Blue sheets are legal documents that have been filed with the SEC to notify the public about certain upcoming initial public offerings (IPOs). In this article, we will explain what these documents are and how they help you buy IPOs at bargain prices.
What does “Painting the Tape” Mean?
When market players try to influence the price of an asset by trading among themselves to create the illusion of high activity, they are “painting the tape.” Painting the tape is an attempt to artificially increase the price of a stock by deceiving investors into believing that there is more demand for it than there is.
Understanding Painting the Tape
“Painting the tape” is prohibited by the Securities and Exchange Commission (SEC) because it results in deceptive pricing. The SEC monitors and supervises market activity to ensure that all transactions are transparent, honest, and orderly.
The expression originated when stock prices were extensively communicated by a moving tape known as a ticker. Historically, after being telegraphed, trading information was printed on ticker tape.
The printers that were used to print the thin strip of paper with stock quotes created a distinct noise, hence the name. The ticker tape has given way to an electronic version.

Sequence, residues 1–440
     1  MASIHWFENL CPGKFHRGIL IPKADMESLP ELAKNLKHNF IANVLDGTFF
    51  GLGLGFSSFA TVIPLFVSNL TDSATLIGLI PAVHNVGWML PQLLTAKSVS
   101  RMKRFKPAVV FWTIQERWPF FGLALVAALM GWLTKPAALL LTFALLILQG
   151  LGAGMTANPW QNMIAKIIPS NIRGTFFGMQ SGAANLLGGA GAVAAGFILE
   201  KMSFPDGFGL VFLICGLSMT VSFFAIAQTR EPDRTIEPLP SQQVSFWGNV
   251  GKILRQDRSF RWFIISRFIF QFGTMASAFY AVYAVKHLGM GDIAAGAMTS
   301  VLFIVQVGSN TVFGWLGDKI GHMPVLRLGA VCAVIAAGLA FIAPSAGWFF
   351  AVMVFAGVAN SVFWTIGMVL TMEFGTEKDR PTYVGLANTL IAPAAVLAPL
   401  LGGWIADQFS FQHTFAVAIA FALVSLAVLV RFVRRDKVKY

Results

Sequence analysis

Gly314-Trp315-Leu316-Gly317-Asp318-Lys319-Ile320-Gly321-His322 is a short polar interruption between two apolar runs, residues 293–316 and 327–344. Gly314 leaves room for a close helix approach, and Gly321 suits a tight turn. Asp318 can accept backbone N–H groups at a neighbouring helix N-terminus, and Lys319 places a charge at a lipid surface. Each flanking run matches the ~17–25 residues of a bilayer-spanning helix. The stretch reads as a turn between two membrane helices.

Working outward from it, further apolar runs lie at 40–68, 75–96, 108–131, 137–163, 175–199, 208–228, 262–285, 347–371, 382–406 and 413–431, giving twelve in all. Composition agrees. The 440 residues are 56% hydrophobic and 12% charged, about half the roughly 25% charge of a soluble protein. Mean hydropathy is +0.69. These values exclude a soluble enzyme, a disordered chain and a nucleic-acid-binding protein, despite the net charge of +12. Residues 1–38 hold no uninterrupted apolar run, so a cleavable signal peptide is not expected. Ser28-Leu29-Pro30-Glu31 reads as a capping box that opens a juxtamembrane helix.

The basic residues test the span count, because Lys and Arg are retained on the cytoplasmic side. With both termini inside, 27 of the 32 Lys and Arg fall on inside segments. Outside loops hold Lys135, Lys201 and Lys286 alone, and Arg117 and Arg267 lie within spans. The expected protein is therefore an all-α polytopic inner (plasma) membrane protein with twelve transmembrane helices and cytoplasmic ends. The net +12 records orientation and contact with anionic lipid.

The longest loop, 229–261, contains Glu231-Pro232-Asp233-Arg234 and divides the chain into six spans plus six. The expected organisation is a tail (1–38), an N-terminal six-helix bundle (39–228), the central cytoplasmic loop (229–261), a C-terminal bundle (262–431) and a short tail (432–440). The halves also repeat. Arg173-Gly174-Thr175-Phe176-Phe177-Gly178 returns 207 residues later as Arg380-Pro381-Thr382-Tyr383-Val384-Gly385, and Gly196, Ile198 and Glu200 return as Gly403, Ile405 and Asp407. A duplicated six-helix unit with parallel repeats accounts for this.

Market manipulators frequently target stocks with exceptionally high trading volumes because they are seen to be more appealing investments.
Painting the tape is an excellent strategy to enhance volume and tempt investors, both of which may result in a price increase.
Market manipulators offer their assets to naïve investors at artificially cheap prices after painting the tape. When the manipulation ends and the stock price falls dramatically, these stockholders are “left holding the bag.”
The aims of “painting the tape” are twofold: to persuade inexperienced buyers to purchase the asset at a high price and to artificially raise the closing price.
Marking the closing is the practice of painting the tape soon before the market closes in order to artificially raise the price of a stock.
The closing prices of the day are closely followed by the media and investors. Because most securities are valued depending on their closing prices, manipulators use this approach to boost the market worth of their assets.